In May, we celebrated Lulu’s birthday in the Muir Woods in Marin County. Surprisingly we’d never been there. We were awe struck by the redwoods. Their beauty. Their size. Their endurance. In particular, we were fascinated that many of them had terrible scars from fires that had ripped through the forest over the centuries, some are even famously hollowed out, yet incredibly they continue to thrive. They are some of the most resilient trees in the world.
We were struck by the analogy to the solidity and resilience that creativity gave us when we were burned through. The Lulu & Leo Fund is about helping people develop the creative confidence to face both adversity and fortune with the determination and equanimity to choose a constructive path.
To accomplish that, we have come to the realization that we need to be relevant and accessible to everyone. And their creative confidence needs to be as well established as the redwoods’ powerful roots and tough bark. They need to have a supportive ecosystem, one that values creativity, that appreciates its importance. Thus we know that we have to reach professionals and community leaders, educators and policy makers, in addition of course to families and our inherently SuperArtist children.
Clearly, we’re not the only ones realizing this. Researchers have known the power of creativity for quite awhile. Scientists too. Here’s a remarkable passage from a 1959 essay on creativity by the famous writer and accomplished scientist Isaac Asimov:
The great ideas of the ages have come from people who weren’t paid to have great ideas, but were paid to be teachers or patent clerks or petty officials, or were not paid at all. The great ideas came as side effects [of their creativity].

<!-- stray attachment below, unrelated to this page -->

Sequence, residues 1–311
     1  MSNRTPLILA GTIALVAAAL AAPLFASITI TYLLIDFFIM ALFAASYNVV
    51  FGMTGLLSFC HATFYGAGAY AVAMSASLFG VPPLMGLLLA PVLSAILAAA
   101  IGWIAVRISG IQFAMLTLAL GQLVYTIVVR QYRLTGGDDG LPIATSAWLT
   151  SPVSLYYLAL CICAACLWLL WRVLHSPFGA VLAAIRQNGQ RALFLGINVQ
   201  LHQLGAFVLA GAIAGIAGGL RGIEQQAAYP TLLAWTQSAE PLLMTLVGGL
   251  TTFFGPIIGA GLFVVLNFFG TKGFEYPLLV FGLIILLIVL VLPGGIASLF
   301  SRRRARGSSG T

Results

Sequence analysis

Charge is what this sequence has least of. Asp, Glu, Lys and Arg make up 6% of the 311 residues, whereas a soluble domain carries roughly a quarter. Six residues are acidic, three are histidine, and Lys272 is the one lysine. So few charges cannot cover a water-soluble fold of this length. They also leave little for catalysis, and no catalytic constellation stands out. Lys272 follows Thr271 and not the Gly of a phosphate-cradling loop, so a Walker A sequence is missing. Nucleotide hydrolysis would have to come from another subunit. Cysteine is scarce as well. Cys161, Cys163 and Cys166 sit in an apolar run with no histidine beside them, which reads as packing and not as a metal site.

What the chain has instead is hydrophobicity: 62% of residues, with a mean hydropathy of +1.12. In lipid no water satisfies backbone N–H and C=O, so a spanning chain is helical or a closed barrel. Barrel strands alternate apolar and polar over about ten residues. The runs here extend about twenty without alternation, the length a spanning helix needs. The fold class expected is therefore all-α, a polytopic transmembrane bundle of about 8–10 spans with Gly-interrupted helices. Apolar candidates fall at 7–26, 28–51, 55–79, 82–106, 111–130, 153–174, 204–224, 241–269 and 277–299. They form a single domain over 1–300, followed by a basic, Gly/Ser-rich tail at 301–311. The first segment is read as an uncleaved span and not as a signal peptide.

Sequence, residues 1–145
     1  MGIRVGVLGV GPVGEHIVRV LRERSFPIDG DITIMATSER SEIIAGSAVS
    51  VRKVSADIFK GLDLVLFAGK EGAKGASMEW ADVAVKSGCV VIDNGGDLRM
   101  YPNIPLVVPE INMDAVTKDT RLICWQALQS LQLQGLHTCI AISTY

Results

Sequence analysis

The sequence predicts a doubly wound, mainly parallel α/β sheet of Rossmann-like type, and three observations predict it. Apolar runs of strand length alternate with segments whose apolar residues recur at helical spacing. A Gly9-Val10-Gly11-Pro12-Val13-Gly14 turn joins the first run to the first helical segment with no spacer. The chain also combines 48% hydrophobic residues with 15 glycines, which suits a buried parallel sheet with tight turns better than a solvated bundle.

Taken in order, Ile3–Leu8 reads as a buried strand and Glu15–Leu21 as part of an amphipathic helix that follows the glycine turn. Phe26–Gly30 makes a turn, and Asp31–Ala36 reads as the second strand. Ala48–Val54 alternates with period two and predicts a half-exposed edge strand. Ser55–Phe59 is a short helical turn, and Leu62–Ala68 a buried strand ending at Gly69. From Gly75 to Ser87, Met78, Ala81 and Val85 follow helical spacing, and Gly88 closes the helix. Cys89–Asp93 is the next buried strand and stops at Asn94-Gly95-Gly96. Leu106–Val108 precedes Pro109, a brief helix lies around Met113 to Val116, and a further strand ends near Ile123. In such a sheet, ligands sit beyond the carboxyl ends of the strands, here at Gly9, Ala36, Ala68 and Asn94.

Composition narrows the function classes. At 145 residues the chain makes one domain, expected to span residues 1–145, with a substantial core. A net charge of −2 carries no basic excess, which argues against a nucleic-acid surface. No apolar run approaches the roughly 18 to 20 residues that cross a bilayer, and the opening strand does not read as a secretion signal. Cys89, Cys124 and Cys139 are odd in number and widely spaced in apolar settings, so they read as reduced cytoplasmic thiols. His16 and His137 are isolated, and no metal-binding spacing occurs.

Fifty-six years later, it’s more urgent than ever. You know something’s changing when it’s becoming a major priority for companies too: Vishal Sikka recently started as the new CEO of Infosys, one of the largest outsourcing companies in the world, and realized that his biggest challenge was a lack of creativity in his company’s workforce. He understands that machines will soon do most of these outsourced tasks and even trickier tasks like problem solving, leaving people primarily in the creative roles of what he calls “problem finding” and “possibility imagining.” That will be success in the future.
So tonight we are sharing with you a new initiative we call Choose Creativity, it’s a big, inclusive tent, maybe even a movement – if you can help us make it one. Take a look at the ChooseCreativity.org site; share it with your family and friends. That small site is just a sneak peek of a beginning, with much more to come.
Choose Creativity is optimism. It’s a call to action. It’s a commitment to see the possibility in every moment.
We envision this as something that will reach our key audiences – educators, parents, professionals, community leaders and policymakers – with programming, inspiration and advocacy. Imagine reaching people across the country and the world with the SuperArtist curriculum and its workplace equivalent. Imagine giving any school, library or community organization the curriculum and the necessary supplies at no cost to them. Imagine an online community for educators, parents, and researchers to share their experiences and best ideas. Imagine inspiring stories and videos showcasing how creativity helps people across a wide diversity of situations. Imagine a society that values creative education as an equal among peers.
We can do all of these things with your support and help.
One last thought on why we should care. This is a favorite John Muir quote, from his time among the redwoods:
When we try to pick out anything by itself, we find it hitched to everything else in the Universe.
We certainly are hitched together. Our communities, our whole planet are all interconnected. Let’s share the power of creativity with everyone. Thank you!
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THE SUPERARTIST CURRICULUM
We've created the SuperArtist Curriculum based on the 10 Principles of Creativity for kids aged 5-9. Help us get the program into the communities that need it most!